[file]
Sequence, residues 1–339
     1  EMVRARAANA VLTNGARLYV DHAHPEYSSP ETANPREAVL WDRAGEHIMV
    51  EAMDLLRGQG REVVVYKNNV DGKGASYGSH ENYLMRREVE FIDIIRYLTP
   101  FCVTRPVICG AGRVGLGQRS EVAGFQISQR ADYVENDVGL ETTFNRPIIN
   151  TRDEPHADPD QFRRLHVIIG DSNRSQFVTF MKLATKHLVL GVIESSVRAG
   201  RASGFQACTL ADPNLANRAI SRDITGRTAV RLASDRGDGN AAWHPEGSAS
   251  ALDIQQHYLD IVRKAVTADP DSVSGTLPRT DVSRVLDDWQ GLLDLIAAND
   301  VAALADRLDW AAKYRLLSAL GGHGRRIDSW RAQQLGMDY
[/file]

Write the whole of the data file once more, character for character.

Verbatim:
Sequence, residues 1–339
     1  EMVRARAANA VLTNGARLYV DHAHPEYSSP ETANPREAVL WDRAGEHIMV
    51  EAMDLLRGQG REVVVYKNNV DGKGASYGSH ENYLMRREVE FIDIIRYLTP
   101  FCVTRPVICG AGRVGLGQRS EVAGFQISQR ADYVENDVGL ETTFNRPIIN
   151  TRDEPHADPD QFRRLHVIIG DSNRSQFVTF MKLATKHLVL GVIESSVRAG
   201  RASGFQACTL ADPNLANRAI SRDITGRTAV RLASDRGDGN AAWHPEGSAS
   251  ALDIQQHYLD IVRKAVTADP DSVSGTLPRT DVSRVLDDWQ GLLDLIAAND
   301  VAALADRLDW AAKYRLLSAL GGHGRRIDSW RAQQLGMDY